Facebook spent years defining what it means to have an online identity. Now with the surge in popularity of anonymous social apps, Facebook may be spending the next few figuring out how to deal with the complete opposite case.
The social networking giant has expressed interest in exploring how it can develop anonymity services. Secret, one of the latest buzzy social apps, has met with Facebook to discuss how the two companies can work together, according to people familiar with the matter. Details of these discussions were not available and both Facebook and Secret representatives declined to comment on this.
Rumors of a $100 million offer from Facebook to buy Secret that reverberated through Silicon Valley this week were shot down by two people familiar with the social networking giant’s plans.
Facebook has already played around with ways of logging in to Facebook apps anonymously, which would be a big departure from the always-logged-in experience that visiting the Facebook.com site and mobile apps has been traditionally.
This comes at a time when anonymous messaging services have grown more popular. Facebook, Whisper, Secret and others are particularly interested in the types of conversations people feel more liberated to engage in when they no longer need to identify themselves.
That’s attractive for Facebook, which has also tried to mimic the types of conversations found on sites like Reddit or, to some degree, Twitter. But it’s difficult to see how Facebook — a company that has spent a decade building the exact opposite type of anonymous platforms — can accomplish something like this.
Facebook could buy its way into the space. In just the past three months alone, Facebook bought WhatsApp, the massively popular messaging startup, for $19 billion. And only weeks later, Facebook snapped up Oculus — the virtual reality hardware company — for $2 billion. Facebook CEO Mark Zuckerberg also tried — and failed — to snap up ephemeral messaging startup Snapchat. Clearly, Zuckerberg has no problem writing big checks for things he wants.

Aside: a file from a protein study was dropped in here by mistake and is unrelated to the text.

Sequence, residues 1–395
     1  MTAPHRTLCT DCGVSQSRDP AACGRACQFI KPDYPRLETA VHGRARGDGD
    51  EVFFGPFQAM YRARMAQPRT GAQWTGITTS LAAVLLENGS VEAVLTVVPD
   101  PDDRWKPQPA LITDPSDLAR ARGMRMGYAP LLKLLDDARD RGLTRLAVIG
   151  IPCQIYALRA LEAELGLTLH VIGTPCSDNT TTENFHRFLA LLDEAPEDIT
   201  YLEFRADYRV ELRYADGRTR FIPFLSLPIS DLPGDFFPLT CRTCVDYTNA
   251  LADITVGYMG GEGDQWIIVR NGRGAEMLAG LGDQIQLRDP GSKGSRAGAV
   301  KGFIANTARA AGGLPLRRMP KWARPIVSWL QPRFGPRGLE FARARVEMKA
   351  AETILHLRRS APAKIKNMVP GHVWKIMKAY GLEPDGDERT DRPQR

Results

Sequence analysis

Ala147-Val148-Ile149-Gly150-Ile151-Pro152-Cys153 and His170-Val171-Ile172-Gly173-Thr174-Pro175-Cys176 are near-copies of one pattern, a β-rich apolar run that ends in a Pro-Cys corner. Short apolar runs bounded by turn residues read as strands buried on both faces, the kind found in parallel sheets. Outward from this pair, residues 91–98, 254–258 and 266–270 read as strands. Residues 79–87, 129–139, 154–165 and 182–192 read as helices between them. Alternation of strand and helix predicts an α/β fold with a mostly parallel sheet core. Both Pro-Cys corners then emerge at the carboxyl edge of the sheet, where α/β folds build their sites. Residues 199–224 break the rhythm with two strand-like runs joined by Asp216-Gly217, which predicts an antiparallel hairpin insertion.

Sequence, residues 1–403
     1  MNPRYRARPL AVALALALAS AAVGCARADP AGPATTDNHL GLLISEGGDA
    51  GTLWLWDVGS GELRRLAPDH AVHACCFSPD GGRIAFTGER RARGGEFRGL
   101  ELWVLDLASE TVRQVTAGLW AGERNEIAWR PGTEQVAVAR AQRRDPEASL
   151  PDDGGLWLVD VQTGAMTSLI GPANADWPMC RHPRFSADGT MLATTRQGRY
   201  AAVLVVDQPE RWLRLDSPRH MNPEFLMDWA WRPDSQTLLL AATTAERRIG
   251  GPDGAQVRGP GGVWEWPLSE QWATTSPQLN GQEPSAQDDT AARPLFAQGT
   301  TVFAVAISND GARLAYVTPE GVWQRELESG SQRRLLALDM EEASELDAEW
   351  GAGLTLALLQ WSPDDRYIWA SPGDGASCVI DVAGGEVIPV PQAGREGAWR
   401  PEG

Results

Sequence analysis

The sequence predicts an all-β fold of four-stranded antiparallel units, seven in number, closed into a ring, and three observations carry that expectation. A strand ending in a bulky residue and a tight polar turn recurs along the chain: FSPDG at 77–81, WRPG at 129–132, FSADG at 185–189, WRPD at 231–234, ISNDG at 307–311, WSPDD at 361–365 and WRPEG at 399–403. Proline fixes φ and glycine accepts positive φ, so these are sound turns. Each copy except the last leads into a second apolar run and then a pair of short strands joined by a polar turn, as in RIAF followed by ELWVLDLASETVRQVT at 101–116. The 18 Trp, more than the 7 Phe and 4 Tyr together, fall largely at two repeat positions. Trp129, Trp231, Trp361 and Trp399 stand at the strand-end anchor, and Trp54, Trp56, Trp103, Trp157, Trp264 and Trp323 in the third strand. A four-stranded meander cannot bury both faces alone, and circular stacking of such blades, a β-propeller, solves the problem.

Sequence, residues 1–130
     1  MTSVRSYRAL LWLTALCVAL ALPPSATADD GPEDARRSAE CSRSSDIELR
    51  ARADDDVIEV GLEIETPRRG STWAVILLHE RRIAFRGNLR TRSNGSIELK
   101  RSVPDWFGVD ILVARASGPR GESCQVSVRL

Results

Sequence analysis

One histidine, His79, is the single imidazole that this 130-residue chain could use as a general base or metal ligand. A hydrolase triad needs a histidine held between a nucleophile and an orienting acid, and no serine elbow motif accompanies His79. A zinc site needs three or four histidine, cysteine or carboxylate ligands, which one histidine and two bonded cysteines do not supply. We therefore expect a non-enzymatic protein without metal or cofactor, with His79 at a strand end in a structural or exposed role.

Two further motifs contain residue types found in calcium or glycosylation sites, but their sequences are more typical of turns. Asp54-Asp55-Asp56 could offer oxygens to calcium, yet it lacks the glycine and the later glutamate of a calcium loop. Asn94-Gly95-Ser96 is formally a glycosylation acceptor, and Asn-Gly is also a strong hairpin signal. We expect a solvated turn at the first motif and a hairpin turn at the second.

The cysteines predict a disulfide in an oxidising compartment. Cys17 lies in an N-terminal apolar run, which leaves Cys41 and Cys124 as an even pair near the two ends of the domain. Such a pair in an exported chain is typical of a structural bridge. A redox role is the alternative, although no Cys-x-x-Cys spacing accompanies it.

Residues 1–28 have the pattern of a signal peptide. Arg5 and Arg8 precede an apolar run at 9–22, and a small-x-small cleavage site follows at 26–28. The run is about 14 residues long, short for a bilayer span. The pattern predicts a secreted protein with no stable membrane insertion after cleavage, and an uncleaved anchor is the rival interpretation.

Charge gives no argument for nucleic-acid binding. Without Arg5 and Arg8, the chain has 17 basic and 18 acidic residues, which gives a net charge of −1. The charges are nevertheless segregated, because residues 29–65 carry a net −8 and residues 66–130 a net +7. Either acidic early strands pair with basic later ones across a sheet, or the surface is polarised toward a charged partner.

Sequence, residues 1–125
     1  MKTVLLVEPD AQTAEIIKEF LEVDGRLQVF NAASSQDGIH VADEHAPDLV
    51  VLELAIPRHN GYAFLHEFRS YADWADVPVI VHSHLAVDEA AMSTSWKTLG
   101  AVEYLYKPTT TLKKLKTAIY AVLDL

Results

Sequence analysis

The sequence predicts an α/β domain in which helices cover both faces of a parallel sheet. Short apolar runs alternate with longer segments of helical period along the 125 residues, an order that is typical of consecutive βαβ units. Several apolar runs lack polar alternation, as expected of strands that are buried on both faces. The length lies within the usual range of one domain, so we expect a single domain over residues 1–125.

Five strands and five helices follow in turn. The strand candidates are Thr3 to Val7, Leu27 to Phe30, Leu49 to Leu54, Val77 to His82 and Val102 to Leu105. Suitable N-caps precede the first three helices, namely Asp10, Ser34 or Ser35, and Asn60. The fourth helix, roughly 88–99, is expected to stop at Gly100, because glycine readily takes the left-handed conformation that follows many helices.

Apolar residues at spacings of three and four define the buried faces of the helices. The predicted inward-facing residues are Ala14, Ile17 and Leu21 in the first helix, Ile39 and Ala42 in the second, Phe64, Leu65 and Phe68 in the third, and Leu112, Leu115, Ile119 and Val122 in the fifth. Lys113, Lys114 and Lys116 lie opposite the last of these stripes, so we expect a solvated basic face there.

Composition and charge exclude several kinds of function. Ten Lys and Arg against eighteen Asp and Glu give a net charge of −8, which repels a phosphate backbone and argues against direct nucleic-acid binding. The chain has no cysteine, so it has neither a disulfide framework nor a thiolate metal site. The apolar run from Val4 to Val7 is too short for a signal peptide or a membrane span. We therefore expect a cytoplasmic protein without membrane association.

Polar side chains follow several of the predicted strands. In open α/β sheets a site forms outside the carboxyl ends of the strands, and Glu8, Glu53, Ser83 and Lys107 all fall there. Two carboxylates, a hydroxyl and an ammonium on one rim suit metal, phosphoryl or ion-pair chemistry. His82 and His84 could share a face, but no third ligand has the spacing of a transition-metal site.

And in a way, it looks as if right now the CEO has the runway to pursue an aggressive acquisitions strategy. Shares of Facebook are up more than 100 percent over the past year, and Wall Street has largely given Facebook’s M&A department carte blanche — especially as the company has articulated a legitimate mobile revenue strategy.
But acquiring a startup like Secret may be out of the picture for now. Secret is still very small, with much of its buzz and activity located inside Silicon Valley. The Los Angeles-based Whisper is focused on building out its content and media-sharing strategy. And neither company has given any indication that they’re willing to sell.
Facebook could also go the way of Twitter or Reddit, allowing people to choose handles to log in to certain apps rather than require an attachment to an existing profile with their real names.
But for now, Facebook is still testing the waters.
Update: This version of the story clarifies the nature of discussions between Facebook and Secret.